The party reached the tower and felt a very strong magic energy radiating from it. The tower sat 50 feet in the air on a pile of earth that also seemed unaffected by whatever mystery that happened upon Baulder’s Gate. After some skillful climbing and acrobatics, the party found themselves at the entry way of the tower. Urth tried to open the door, but it sprang back like rubber. “You must have permission to enter here,” the tower bellowed. This made Urth quite agitated and he had to resist the urge to bash the tower into oblivion. The other party members said, “May we come in?” almost ‘n sync (ain’t no lie baby bye, bye, bye), and the door opened ominously.
Inside, the tower was ornately decorated with artifacts wealthy grandmothers would drop their panties over. The party felt a strong humming sound inside the tower. All Peldu could think of was, “Is there anything I can burn?” Apart from a wooden door and the carpet, the answer was, “NO”. (Btw, the boat wasn’t even done burning on the ocean). The room seemed like a museum. Rare magic items were behind quarts display cases. Each item seemed to house some magical properties and once belonged to a historic figure of importance. Annabelle wasn’t feeling very kleptic today and didn’t try to take a single thing. The large entry room lead to two other rooms and a large staircase on the far side. After reading a couple of the elven descriptions of the artifacts, they got bored and moved on to one of the rooms.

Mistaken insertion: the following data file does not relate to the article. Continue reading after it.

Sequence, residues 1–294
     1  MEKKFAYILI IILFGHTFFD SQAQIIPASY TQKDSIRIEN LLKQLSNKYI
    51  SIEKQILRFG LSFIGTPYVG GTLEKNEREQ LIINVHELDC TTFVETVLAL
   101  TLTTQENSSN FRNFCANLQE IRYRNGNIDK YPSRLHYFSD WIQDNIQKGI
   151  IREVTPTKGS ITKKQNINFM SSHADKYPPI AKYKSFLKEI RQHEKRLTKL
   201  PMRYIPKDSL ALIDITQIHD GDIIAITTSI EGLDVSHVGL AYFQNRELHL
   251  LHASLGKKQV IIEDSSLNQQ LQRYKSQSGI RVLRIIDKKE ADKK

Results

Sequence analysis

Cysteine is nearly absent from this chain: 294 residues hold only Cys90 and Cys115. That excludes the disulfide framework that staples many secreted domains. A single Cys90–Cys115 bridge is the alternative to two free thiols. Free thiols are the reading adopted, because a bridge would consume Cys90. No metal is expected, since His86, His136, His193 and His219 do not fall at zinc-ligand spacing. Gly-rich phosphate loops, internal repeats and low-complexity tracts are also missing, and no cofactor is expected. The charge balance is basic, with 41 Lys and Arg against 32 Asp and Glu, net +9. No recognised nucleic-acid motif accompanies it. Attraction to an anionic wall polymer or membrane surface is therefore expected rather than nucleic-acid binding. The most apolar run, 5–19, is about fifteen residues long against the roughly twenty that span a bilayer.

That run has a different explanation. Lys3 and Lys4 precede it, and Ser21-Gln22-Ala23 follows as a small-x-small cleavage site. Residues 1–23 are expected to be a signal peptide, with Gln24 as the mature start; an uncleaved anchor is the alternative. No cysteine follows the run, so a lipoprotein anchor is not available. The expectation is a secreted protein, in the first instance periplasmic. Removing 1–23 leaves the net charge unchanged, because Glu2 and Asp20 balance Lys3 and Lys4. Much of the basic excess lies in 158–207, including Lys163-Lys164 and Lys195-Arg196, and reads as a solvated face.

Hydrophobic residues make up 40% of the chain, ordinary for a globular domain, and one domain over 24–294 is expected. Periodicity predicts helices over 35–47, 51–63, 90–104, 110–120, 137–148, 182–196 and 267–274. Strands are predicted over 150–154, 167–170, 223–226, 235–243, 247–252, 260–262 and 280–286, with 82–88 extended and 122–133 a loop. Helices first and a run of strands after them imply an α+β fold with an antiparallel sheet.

Again Urth opened the door but was met with the rubber ward. This time the question was, “What do you desire the most?”. Tim answered, “To find out what happened to Baulder’s Gate”, and the door opened the same as before. This room was the same as the previous one, except that all the items belonged to the same legendary man, Churix Maltang. Among the items was a bright suit of plate mail armor that Urth was trying to find a way to justify procuring for himself. After more boring reading, the party went out to investigate the other room and were met with the same door-ward.